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Tigers report 'Whole new feeling and whole new energy' with Cordell at helm


Frankie Munoz may wake up to his alarm clock at home, but nothing makes the Ozark linebacker more full of life than arriving at school and seeing new Tigers coach Jeremy Cordell.

During the Tigers’ summer workouts in the wee hours of the morning this month, Munoz has repeatedly received all the motivation he can ask for from Cordell, whether it’s in his words, actions or his sheer presence.

“Cordell is different. He's sparked a love for football in me,” Munoz said. “I’ve never been around someone with so much energy. You wake up and you're thinking, ‘It's 5 o’clock in the morning, why are we clapping?’ Then, you get hit with something with him, I don't know what it is — if it’s the aura around him or what. But you see him and you start clapping harder and when you get in the weight room, you start lifting harder and then you get out on the field and start sprinting and working harder and harder. Being around that man gives me that feeling.”

Safety Peyton Bullinger can also attest to the many positives Cordell’s presence has produced.

“He's bouncing around in the mornings at 5:30 screaming, yelling, hootin' and hollering,” Bullinger said. “The energy in the mornings during weights is great. We're all jumping around and hyped. It's energy non-stop.”

The consensus among the Tigers is Cordell has wasted no time making an immeasurable impact on them.

“He’s already made a huge impact in his short time being here,” linebacker Charles Lawson said. “The atmosphere here is amazing. It's a whole new feeling and whole new energy.”

Lawson has received all the confirmation he needed to realize he made the right decision to come back out for football for his senior year.

“I was kind of debating on football. I was hesitant. But he has sparked a love for football inside of me,” Lawson said. “There's no place I'd rather be than out here. He's getting all our guys hyped up. Being around him, I've seen he's a great guy and great coach. He's taking time away from his family to be out here with us. I'm having a heck of a time with him.”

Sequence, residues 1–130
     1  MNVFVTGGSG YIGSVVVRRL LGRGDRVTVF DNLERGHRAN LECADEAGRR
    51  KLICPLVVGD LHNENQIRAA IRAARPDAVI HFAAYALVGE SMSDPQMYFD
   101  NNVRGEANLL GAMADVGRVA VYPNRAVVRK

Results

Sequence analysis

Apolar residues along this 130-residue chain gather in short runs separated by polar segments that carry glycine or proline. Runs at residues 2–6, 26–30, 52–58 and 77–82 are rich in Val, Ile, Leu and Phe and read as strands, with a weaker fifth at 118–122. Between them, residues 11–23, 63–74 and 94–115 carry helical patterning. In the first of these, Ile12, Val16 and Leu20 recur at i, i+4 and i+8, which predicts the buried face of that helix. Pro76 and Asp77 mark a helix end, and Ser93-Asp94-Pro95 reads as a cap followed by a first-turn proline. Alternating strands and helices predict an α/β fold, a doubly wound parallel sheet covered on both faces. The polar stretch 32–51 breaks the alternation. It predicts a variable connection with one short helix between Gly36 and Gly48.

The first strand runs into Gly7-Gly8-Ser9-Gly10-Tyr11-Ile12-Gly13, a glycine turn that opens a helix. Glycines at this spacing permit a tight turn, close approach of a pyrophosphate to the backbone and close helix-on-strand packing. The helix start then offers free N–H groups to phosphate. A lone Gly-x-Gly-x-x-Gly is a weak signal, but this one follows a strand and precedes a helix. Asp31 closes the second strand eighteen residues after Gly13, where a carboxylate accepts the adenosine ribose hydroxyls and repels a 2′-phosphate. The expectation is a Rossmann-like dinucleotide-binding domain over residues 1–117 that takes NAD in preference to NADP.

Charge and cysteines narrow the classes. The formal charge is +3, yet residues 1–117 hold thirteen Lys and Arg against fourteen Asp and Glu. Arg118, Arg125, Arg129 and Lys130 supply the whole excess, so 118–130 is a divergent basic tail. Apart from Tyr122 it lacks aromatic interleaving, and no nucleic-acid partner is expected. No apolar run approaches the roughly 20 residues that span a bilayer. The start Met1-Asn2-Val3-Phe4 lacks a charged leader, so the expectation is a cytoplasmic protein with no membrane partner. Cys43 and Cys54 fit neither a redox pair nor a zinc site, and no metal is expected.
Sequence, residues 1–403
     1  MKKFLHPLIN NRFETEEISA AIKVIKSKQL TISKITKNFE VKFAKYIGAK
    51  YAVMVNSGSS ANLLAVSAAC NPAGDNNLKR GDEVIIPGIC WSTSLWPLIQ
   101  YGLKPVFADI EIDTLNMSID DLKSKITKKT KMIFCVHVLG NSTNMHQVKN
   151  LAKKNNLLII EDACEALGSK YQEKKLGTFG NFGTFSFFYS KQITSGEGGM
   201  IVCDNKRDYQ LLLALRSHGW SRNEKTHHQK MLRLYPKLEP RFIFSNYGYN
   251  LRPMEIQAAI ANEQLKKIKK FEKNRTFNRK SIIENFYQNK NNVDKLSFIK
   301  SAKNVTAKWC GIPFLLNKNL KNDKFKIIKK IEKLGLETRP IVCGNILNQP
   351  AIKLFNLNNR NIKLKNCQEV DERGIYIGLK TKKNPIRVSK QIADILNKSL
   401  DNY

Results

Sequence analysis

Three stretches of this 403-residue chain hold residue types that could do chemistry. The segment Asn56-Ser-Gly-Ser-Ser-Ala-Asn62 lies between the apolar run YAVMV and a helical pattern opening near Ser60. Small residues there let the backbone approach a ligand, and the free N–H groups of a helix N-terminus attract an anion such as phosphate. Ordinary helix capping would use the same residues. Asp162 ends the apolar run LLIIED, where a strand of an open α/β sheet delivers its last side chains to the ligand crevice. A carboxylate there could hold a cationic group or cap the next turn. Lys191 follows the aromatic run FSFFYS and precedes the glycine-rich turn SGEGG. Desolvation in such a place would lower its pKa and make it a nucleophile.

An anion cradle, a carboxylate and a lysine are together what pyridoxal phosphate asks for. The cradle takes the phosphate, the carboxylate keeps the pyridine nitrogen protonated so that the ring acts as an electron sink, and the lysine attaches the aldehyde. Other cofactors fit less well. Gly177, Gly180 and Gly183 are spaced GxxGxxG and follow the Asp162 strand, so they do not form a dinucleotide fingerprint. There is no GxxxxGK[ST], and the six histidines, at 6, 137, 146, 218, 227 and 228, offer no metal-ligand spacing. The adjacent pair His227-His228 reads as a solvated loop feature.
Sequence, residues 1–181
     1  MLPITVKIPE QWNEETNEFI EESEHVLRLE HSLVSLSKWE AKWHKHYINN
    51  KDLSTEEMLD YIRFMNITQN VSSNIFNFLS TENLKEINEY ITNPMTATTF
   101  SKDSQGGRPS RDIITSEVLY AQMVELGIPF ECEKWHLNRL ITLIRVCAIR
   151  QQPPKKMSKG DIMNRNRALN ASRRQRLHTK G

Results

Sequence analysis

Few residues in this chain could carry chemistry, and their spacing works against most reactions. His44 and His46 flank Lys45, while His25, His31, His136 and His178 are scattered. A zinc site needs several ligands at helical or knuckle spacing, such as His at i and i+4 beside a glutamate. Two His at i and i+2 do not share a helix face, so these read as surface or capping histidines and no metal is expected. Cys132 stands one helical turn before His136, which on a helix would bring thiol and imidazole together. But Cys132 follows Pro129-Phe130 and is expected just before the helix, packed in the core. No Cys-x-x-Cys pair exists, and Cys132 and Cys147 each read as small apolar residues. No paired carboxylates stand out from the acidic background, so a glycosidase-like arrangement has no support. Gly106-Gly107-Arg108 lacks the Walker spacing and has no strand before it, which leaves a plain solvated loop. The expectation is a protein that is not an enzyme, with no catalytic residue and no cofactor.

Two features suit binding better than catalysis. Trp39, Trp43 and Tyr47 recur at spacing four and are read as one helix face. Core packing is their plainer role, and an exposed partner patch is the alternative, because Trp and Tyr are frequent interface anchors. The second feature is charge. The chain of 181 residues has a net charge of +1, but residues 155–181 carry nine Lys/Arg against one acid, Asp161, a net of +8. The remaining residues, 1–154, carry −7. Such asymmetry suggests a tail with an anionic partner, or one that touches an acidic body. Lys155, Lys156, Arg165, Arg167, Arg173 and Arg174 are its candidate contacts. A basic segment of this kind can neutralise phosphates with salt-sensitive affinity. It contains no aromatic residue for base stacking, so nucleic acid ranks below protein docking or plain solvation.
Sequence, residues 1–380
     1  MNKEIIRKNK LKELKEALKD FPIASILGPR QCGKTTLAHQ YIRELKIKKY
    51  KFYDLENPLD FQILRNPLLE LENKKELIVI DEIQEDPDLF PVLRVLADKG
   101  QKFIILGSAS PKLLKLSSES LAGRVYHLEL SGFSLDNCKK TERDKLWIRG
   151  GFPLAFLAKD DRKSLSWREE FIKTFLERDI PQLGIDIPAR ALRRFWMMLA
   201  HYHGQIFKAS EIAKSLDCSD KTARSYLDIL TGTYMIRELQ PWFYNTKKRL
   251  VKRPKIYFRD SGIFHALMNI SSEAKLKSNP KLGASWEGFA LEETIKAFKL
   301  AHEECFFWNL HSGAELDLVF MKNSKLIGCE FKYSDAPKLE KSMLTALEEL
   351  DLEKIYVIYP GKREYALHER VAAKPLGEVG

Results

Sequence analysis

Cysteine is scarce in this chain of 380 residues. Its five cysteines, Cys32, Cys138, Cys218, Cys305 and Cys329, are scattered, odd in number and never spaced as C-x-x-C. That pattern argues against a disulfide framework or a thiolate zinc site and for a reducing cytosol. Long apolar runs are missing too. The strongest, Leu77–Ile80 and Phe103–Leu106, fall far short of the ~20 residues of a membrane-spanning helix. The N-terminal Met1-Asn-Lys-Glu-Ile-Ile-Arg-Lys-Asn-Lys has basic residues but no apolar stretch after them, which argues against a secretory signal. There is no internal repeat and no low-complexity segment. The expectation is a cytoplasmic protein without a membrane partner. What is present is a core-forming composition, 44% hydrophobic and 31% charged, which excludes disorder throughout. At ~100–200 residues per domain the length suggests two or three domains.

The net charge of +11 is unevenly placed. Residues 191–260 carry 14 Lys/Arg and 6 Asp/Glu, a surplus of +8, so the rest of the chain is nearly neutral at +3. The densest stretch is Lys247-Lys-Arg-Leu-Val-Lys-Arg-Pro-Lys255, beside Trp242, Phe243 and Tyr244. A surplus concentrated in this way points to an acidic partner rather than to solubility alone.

Linebacker Parker Elliott feels a special bond with Cordell, with Cordell doubling as the Tigers’ linebackers coach.

“Having him as my position coach has brought a whole new game for me as far as reads and assignments,” Elliott said. “Having him here is amazing.”

Elliott added the respect the Tigers have for Cordell is also evident in the timely manner in which they report to workouts.

“We're always early. Everything is in order and we all come together and rally up,” he said. “When you don't want to get up in the morning, you've got to be able to count on everyone to have energy and everyone is ready to go.”

Likewise, Cordell is happy to relate the Tigers have made a favorable impression on him. He’s thrilled with the manner in which they have responded to his coaching.

“I can say whatever I want, spin on my head or do jumping jacks, but if they don't want to follow then it doesn't matter,” Cordell said. “I have all the respect in the world for the guys. We’ve got really good kids. They grind, they work hard and are team-first guys. You can be successful with those types of kids.”

As for his already well-reputed high level of energy, Cordell said to expect more of the same. He hopes his love for the game rubs off on his players and truly believes they will play harder for a coach who they know cares about them.

“I am who I am. I'm an open book. Who you see is who you get,” Cordell said. “I’m going to have energy, I'm going to tell you how it is and love you up, but I'm also maybe going to chew on you a little bit. I'm going to make sure you're maximizing who you are.

“It's all about relationships,” he added. “They don't care how much you know about X's and O's, they want to know how much you care. If you coach a kid up and have a true relationship with them and let them know you care, you really start seeing the buy-in and takeoff.”

Cordell’s impact is also showing up in Ozark’s sheer numbers. He has succeeded in getting players the likes of Munoz and Lawson who were border-line on football to play, as well as recruiting basketball player Ryan Engel to strap on shoulder pads.

“We need to maximize our athletes,” Cordell said.

The Tigers can only hope they play as good as they look. During workouts, they are all outfitted in the same shirt and shorts.

“I believe in being a team — if we say compression top and black shorts, it better be compression top and black shorts,” Cordell said. “Here’s what I believe, if you can't even wear the right stuff, you probably can't do the right things on the football field.

“You learn a lot about kids and adults, too, when you ask them to follow simple directives, whether they can execute those or not,” he added. “You learn if you can trust them or not in the line of fire. I'm very old-school in that way. You can walk into our gym at 5:40 in the morning and they're all lined up with their sub-teams and their captains. They're wearing the same thing and speaking the same language.”